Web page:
The realist knows that aiming for the ideal gets better results than aiming for the expected result. I'm a centrist libertarian realist, but I'm not sure why my politics are relevant to my views on human rights. I don't tell people what they have to do to fit in. The realist knows that they know what it takes, and they'll do it or not. Also, it's, from a real
                    • I'm not a liberal. Your lame attempt at an ad hominem in the same sentence you complain of it in others just proves your intellectual dishonesty.

                      Tu Quoque now? No, what I wrote wasn't an ad hominem attack, it was just an observation. Your continued insults OTOH...
                    • by AK Marc (707885)
                      You are the one that dodges questions about the topic and turns it into a personal discussion. My observation is that you are a hypocritical jackass fucktard. Since it is an observation, it's not an ad hominem. Unless you are a liar. So which is it? (never mind, you'll just respond "false dichotomy" and not address any points brought up by anyone else - that's the Internet version of "you are right, I am wrong, but fuck you for pointing it out in public")
                    • I am neither a bigot nor a liar and calling me a hypocritical jackass fucktard doesn't make me one. All it does is demonstrate how eager you are to insult random strangers simply because they don't agree with you.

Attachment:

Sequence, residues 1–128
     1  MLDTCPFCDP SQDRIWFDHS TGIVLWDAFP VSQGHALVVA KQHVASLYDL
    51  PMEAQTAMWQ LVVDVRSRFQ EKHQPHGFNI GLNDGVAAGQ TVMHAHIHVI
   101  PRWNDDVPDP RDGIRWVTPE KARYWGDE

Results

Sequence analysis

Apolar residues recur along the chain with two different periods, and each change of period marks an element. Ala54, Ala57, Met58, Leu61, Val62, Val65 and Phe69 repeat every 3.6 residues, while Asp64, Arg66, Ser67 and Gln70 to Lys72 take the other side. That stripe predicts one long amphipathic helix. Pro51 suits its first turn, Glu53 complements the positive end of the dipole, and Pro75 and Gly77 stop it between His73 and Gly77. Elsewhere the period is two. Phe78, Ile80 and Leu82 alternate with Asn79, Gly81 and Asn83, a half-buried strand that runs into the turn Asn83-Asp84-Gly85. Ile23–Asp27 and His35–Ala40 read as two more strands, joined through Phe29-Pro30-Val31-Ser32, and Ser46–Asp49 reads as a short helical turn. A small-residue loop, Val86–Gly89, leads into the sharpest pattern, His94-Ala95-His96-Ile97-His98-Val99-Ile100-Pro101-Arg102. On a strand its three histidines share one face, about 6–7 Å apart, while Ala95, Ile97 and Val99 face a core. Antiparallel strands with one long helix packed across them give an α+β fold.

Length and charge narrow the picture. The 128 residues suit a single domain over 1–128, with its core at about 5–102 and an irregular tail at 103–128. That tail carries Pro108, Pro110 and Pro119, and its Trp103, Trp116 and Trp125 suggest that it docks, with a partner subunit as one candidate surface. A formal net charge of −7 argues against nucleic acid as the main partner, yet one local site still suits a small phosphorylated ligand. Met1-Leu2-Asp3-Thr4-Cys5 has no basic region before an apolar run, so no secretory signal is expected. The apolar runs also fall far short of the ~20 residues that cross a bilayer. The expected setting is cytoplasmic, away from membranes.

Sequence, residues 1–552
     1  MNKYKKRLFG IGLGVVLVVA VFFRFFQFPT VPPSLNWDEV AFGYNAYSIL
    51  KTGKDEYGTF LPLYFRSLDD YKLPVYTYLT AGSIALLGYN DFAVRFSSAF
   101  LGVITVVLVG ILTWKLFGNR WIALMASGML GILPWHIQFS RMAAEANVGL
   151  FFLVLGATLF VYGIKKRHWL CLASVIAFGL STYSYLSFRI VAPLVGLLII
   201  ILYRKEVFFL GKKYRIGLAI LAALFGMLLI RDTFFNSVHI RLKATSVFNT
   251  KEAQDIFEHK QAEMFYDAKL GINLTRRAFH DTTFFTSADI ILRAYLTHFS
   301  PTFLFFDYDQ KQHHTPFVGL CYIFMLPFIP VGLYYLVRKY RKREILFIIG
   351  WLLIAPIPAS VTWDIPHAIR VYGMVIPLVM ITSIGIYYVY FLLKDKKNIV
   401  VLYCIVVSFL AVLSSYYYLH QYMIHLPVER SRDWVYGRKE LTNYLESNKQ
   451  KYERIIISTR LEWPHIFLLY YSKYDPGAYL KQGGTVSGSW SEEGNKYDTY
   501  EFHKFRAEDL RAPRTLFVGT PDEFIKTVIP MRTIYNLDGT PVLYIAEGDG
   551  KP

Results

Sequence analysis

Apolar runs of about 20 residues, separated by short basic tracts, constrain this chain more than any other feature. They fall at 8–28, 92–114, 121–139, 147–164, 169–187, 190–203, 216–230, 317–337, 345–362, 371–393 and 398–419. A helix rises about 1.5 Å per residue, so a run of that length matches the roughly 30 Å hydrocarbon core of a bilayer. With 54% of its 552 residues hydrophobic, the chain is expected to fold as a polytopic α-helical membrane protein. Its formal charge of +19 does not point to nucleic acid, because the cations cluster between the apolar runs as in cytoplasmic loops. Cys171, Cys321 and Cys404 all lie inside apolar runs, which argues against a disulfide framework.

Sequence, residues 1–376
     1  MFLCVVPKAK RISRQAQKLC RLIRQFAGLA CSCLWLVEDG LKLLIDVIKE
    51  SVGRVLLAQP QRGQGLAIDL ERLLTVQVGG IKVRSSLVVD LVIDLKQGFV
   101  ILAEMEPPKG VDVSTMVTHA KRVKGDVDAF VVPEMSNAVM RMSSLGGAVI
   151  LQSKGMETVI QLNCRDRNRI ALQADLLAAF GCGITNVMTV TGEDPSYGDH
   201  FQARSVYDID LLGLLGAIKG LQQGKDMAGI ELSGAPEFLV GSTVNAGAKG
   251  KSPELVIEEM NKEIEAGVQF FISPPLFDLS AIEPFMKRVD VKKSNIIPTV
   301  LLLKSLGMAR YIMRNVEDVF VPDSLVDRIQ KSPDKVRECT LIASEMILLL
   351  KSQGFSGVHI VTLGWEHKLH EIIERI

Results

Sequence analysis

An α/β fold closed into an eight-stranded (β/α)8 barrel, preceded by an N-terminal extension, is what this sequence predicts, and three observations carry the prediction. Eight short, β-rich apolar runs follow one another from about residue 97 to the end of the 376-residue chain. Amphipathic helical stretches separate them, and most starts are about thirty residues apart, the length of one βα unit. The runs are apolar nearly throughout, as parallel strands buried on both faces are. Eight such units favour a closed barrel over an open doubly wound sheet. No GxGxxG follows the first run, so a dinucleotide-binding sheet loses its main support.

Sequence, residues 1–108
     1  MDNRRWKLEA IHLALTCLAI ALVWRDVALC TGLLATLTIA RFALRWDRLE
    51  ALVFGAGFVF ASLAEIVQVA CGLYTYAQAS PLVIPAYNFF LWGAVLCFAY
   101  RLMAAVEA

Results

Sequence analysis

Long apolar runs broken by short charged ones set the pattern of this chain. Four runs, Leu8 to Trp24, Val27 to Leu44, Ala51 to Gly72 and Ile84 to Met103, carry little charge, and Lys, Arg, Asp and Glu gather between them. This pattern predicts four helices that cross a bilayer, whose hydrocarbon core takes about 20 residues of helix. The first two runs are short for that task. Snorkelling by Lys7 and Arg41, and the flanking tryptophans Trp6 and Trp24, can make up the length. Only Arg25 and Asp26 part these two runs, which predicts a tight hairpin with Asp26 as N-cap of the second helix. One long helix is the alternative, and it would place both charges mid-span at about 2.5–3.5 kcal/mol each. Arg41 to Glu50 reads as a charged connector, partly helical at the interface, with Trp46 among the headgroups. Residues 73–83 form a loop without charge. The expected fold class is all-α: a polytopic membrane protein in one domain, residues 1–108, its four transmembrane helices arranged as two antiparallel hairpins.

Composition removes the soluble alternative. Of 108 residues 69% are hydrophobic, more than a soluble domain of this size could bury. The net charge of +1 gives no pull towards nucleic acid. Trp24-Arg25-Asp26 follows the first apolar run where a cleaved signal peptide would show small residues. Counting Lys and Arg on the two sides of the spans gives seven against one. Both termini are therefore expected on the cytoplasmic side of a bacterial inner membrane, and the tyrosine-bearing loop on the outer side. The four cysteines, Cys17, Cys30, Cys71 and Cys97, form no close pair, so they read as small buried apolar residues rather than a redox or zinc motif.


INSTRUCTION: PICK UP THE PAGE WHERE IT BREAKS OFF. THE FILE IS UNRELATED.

Now, earlier in this "discussion," you called yourself among other things a libertarian. If you're like most libertarians I've met, you have a great belief in the marketplace, so let's see how the marketplace really acts. Let's take two groups of immigrants from a country that doesn't use Engl
              • Becoming "members of society"?

                Normally, I don't respond twice to a post here, but I happened to think of something germane. If you'd like to see a great example of how the Melting Pot used to work, watch the movie Hester Street, [imdb.com] from 1975. It takes place in New York in 1896 and the protagonist is a Russian Jew who'd been living on the Lower East Side for about three years, and was mostly assimilated. Then he brings his wife and son over. At first, of course, they speak only Yiddish, and unless you're
              • "What's keeping you from learning Spanish, or Portuguese?"
                Nothing. What's keeping them from learning English? If I emigrate to your country can I just keep speaking English and expect everyone to understand me? What if I'm from China? Can I keep speaking Mandarin?

                "Americans are brutally chauvinistic and arrogant linguists."
                And you're a brutally stupid person. How do you like that?

                " In most other first world countries, it's common for people to speak two or three languages fluently..."
                First, it depends on th

  • Dilbert (Score:5, Interesting)

    by KDN (3283) on Monday July 30, 2012 @05:23PM (#40822475)
    Years ago Dilbert had a strip where they outsourced to country A, who outsourced to company B, and so forth until it was eventually outsourced back to themselves. Its finally happened :-)
  • by drkim (1559875) on Monday July 30, 2012 @05:26PM (#40822501)

    Of course this get better when they call the support number and hear:

    "Hello... I.T. support center. This is Joe-Bob, uh, I mean, uh, Pedro. How can I help ya'all?"